DuckTales: Remastered – Woo-oo!
It seems to me that DuckTales Remastered doesn’t even need a full review. If you have a PS3, Wii-U (which sounds appropriate, given the property) or Steam, you should have this game. If you have a 360, you should get this game when it’s released in a month. It’s one of the best short platforming games out there.
Short? Aye, lad. This was based on an old NES game that consisted of a handful of brutal stages and then snickered at you when you managed to beat the game without finding much of the money hidden throughout the game. The 80’s were a different time period for gaming. It wasn’t about experiencing some poorly written story – it was about survival and mastery. Usually, it was the former that mattered the most. But DuckTales, a game specifically designed to appeal to children who enjoyed the television series, made you feel small for merely surviving. You had to master the game to truly walk away feeling the game was complete.
I’ll be completely honest. Even as an adult, I have difficulty completing any of the stages in that game. The controls are a little bothersome for the crucial pogo ability that allows Scrooge McDuck to bounce around the stages on his cane, but that’s not my main excuse. The game is hard. Capcom is a company that built its empire on challenging all comers, regardless of age.
DuckTales Remastered does more than render the game in HD with a richer (but not necessarily better) soundtrack. Wayforward, the company that took the lead on this particular rendition, simplified the pogo ability and eased up on the stages. In other words, the game is a lot more playable than the original NES incarnation. Well, until you get to the final stage. Then you realize that they lulled you into a false sense of comfort. I was bothered at first that they backloaded the difficulty of the game, but it works out. It makes you work for your ending, just like it should.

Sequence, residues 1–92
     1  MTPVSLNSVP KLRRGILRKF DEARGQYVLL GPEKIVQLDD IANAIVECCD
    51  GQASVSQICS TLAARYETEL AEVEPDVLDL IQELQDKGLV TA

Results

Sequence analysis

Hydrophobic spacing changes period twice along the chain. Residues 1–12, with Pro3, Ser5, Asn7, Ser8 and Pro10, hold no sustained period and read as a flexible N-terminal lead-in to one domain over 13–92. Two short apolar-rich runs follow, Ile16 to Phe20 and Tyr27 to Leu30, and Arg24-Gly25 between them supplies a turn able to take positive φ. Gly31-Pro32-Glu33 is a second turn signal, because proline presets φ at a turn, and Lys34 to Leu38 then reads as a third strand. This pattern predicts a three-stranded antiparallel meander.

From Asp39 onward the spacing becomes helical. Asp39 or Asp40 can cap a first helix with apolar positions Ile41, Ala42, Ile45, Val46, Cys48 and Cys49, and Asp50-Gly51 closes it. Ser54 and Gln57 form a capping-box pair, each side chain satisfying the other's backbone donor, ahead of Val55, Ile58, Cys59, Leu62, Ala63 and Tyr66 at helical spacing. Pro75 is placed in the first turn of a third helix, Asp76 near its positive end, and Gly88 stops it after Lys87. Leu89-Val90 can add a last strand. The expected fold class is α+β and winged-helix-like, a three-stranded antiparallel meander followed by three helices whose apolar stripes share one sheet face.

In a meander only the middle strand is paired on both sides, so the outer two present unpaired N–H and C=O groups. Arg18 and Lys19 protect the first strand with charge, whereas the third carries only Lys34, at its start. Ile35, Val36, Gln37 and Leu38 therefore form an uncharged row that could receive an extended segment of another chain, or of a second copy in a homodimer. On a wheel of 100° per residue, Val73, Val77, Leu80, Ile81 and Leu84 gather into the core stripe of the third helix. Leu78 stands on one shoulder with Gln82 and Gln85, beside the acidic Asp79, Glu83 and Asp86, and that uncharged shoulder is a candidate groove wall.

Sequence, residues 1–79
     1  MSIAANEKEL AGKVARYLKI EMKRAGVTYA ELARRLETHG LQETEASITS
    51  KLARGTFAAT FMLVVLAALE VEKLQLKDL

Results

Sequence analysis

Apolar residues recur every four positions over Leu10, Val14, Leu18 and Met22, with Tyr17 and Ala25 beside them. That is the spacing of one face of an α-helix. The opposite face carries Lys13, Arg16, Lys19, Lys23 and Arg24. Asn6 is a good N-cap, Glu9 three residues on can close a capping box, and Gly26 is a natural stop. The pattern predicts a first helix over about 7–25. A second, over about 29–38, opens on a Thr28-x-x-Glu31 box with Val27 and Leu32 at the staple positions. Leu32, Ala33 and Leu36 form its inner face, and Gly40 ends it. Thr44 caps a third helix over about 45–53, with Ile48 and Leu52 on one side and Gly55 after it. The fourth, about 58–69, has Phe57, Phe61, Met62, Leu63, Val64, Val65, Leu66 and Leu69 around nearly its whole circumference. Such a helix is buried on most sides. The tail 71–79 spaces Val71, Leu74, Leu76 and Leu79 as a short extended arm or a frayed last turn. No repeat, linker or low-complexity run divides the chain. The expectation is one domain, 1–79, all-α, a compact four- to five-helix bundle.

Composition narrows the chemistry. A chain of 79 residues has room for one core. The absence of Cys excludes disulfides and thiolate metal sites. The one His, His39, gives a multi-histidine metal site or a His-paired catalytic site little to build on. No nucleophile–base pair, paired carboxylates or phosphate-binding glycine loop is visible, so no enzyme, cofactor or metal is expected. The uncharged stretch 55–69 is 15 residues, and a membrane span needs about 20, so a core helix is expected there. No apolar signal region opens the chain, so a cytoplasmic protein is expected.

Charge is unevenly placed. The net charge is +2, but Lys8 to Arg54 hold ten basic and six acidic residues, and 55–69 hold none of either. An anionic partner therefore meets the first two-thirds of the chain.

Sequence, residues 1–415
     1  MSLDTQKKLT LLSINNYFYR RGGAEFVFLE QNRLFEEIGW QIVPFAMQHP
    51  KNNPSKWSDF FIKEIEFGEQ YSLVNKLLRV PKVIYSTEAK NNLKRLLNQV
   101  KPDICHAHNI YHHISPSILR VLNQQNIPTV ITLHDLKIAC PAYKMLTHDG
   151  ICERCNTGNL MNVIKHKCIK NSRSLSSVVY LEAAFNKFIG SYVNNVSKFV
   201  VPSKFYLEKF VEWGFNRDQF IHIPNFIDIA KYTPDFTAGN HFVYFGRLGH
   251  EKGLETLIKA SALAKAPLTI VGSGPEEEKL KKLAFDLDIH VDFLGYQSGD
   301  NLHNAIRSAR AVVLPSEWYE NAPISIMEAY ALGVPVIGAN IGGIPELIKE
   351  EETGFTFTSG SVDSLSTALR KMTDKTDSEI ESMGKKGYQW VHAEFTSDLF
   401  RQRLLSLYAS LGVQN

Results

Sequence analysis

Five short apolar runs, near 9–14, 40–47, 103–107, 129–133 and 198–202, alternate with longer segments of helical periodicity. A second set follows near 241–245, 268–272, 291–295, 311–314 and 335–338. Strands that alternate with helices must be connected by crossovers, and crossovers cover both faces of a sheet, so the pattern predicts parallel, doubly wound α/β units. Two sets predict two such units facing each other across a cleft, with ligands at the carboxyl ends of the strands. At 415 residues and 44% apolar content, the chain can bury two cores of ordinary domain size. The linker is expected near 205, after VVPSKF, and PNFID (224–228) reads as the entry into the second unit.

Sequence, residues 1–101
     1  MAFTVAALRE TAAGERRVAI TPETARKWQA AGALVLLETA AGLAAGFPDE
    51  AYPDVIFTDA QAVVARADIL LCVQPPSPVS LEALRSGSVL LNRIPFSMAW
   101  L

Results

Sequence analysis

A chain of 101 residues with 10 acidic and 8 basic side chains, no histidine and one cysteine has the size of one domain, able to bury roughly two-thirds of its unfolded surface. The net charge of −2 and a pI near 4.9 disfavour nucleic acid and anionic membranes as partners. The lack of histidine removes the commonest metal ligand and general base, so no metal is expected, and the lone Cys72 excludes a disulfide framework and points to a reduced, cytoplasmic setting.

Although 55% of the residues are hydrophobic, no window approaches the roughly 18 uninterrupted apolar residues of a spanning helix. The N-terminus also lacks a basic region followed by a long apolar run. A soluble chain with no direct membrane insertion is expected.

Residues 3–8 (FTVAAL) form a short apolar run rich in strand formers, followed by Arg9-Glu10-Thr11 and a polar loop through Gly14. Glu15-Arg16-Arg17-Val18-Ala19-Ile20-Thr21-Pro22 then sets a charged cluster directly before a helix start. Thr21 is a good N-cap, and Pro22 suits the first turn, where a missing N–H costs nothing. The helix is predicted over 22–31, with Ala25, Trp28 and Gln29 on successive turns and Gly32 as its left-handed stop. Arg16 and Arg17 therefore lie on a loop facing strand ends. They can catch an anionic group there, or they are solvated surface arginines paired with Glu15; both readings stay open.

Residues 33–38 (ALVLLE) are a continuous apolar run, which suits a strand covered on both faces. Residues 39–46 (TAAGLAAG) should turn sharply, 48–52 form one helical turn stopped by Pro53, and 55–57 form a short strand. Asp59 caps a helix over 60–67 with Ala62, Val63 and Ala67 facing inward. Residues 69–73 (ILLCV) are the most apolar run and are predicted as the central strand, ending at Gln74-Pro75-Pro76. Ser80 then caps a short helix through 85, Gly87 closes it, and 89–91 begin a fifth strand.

An even great addition to the game is the voice acting by the original cast of the DuckTales cartoon. It has literally been decades since I last heard these characters together. Playing through the levels was like playing through individual episodes of the cartoon, and it only felt that way because the characters were brought to life. Animating their mouths while they spoke might have helped, but just hearing them was enough for me.
The main criticisms I have encountered about the game are that the story is stupid and the dialogue scenes get in the way. This is absurd to me. The original game had no real story of which to speak (as far as I know, since I never got to read the manual), but I appreciate the excuse plot they put together to make the travel from location-to-location the least bit cohesive. As for the dialogue, I think I already addressed that. It was there to make each stage feel like an episode of the cartoon – but improved because there was an overarching story to bring it all together. Anyone who claims the dialogue intrudes on the game play hasn’t been bit by the nostalgia bug, which isn’t a bad thing. But sometimes you need to sit back and admit that sometimes the magic isn’t for you, and it doesn’t hurt anything by being there.
To be honest, it’s a surprise that they decided to revitalize a classic game that does not tie into anything contemporary. This was brought back specifically to appeal to my generation, which is an odd and dangerous choice. This means that Capcom, the original designer and licensee, is either desperate or just wants to flaunt the brilliance of their back catalog of games. Similarly, gamers who jumped to purchase DuckTales Remastered are either too attached to nostalgia for their own good or just really want to support solid game design.
I’d like to think it’s the latter. Please ignore the fact that after installing the game I listened to the opening theme (not even the TV show’s opening theme!) twice before pressing start.